Ideal body weight (Robinson formula)
Calculates the ideal body weight for medication dosing according to the Robinson formula.
Research authors: Robinson JD, Lupkiewicz SM, Palenik L, Lopez LM, Ariet M.
Details Formula Study characteristics Files & References
Model author
Model ID
Revision date
MeSH terms
  • Body Weight
  • Ideal Body Weight
  • Ideal Body Weight Formula
  • Model type
    Custom model (Conditional)
    Condition Formula

    Additional information

    No specific details regarding the study characteristics available. 

    The 1983 Metropolitan
    Life height–weight tables were used as a basis to generate ideal body weight (IBW) equations. 

    Study Population

    Total population size: 0

    Additional characteristics

    No additional characteristics defined
    Ideal body weight (Robinson formula)
    Refer to Intended Use for instructions before use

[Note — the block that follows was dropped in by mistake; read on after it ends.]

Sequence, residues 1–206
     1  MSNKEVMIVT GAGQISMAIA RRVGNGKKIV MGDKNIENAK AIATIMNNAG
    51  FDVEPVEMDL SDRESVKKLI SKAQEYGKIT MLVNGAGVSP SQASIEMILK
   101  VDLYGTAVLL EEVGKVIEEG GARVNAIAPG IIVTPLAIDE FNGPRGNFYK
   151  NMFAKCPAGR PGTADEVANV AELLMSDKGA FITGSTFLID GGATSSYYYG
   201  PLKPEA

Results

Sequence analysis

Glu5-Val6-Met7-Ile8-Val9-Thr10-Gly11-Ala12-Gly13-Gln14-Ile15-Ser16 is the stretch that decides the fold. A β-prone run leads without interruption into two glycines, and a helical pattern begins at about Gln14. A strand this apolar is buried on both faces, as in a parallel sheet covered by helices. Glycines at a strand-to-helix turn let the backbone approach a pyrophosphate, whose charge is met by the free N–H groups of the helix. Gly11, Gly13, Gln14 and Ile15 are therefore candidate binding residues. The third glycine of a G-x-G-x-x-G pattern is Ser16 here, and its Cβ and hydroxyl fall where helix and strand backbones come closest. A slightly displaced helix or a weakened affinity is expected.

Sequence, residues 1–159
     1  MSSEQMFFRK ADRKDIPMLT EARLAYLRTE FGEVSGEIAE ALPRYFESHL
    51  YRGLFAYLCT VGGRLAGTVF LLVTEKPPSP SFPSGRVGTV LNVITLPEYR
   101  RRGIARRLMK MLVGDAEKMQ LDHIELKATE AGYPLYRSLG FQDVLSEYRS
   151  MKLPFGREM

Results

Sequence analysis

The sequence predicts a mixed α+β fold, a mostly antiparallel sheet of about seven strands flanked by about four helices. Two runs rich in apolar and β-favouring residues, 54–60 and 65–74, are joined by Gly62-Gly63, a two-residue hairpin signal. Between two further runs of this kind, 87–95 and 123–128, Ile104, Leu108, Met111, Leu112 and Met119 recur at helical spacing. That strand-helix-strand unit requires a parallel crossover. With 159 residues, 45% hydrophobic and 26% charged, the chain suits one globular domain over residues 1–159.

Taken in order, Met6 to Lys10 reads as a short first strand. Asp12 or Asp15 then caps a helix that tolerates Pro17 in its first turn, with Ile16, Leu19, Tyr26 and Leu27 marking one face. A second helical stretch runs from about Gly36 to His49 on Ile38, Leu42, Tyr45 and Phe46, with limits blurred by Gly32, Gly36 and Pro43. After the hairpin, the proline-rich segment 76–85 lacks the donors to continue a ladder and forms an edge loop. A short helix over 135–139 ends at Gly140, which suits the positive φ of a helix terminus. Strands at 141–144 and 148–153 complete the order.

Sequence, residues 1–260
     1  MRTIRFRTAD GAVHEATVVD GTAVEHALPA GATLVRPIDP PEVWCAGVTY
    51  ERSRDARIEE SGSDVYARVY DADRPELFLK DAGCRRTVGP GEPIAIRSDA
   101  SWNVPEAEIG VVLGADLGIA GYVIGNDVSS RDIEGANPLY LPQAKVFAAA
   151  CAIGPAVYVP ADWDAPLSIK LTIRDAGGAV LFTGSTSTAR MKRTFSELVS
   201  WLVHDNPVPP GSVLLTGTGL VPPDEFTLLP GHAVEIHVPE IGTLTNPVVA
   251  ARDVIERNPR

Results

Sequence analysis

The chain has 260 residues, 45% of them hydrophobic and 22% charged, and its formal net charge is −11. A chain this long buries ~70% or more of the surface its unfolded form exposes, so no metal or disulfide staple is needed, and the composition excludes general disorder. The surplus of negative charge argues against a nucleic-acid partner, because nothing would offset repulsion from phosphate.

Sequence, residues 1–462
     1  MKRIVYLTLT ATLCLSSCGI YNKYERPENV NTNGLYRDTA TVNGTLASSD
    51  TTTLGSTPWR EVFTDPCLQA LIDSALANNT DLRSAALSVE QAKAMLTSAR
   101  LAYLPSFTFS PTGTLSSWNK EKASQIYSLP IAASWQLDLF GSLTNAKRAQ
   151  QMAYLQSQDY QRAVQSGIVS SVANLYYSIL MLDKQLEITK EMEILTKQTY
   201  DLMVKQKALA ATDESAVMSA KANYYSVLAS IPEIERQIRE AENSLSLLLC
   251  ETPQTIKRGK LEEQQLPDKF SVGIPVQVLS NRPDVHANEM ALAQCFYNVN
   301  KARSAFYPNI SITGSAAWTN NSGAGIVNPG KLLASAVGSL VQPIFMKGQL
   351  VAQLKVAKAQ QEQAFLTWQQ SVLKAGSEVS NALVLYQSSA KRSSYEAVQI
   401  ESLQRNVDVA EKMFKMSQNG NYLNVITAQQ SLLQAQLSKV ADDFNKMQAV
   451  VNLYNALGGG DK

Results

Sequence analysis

Evidencio B.V., Irenesingel 19, 7481 GJ, Haaksbergen, the Netherlands

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    Calculated ideal body weight (Robinson formula): kg

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    Outcome stratification

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    Conditional information

    Result interpretation

    Multiple ideal body weight formulas have been developed to assist physicians with dosing weight-based medications. Please confirm with your local pharmacy whether ideal or actual body weight should be used for medication dosing. 

    Definition of ideal body weight:
    The term ideal body weight (IBW) was coined based on historical data of weights for adult men and women that compared the relative mortality of persons of different height–weight combinations (Knapp, 1983).

    Model performance:
    Pai & Paloucek (2000) reported that alternative IBW equations by Devine (1974) and Miller et al (1983) both resulted in similar results when compared with the Robinson formula (Robinson et al, 1983), indicating that any one of these equations may be used to estimate IBW.

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    Calculations alone should never dictate patient care, and are no substitute for professional judgement. See our full disclaimer.

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    Disclaimer: Calculations alone should never dictate patient care, and are no substitute for professional judgement.